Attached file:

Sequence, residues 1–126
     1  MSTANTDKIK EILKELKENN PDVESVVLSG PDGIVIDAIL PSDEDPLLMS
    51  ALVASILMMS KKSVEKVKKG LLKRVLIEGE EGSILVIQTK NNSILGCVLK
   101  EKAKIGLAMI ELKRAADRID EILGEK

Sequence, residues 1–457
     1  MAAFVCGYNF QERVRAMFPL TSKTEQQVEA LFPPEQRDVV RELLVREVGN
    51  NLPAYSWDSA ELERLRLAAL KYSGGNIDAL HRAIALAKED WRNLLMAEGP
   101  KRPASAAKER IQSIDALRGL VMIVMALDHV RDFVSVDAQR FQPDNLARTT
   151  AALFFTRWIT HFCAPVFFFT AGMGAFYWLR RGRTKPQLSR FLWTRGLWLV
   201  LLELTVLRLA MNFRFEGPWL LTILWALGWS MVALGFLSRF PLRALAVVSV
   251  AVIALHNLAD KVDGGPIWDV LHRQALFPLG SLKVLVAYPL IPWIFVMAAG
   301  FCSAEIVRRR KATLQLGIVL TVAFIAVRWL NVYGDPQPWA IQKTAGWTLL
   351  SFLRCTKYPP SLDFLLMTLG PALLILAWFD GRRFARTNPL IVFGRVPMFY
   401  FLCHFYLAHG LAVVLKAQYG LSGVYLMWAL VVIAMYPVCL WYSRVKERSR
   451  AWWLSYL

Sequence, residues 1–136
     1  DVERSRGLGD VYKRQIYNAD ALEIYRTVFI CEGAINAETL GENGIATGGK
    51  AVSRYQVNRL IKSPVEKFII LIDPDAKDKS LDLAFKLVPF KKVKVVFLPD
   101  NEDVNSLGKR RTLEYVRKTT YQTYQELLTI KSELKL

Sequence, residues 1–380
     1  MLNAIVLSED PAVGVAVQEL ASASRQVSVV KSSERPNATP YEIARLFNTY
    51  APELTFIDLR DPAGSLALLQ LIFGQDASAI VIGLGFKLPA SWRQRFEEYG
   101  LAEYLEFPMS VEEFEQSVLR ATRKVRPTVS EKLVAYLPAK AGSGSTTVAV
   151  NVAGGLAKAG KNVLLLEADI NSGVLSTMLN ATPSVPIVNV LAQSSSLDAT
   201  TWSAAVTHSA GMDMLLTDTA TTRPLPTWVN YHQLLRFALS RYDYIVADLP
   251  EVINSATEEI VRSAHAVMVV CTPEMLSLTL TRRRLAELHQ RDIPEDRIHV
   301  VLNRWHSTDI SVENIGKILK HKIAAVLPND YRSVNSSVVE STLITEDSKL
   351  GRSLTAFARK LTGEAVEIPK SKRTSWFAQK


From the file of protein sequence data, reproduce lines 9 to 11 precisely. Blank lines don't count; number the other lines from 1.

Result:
   151  AALFFTRWIT HFCAPVFFFT AGMGAFYWLR RGRTKPQLSR FLWTRGLWLV
   201  LLELTVLRLA MNFRFEGPWL LTILWALGWS MVALGFLSRF PLRALAVVSV
   251  AVIALHNLAD KVDGGPIWDV LHRQALFPLG SLKVLVAYPL IPWIFVMAAG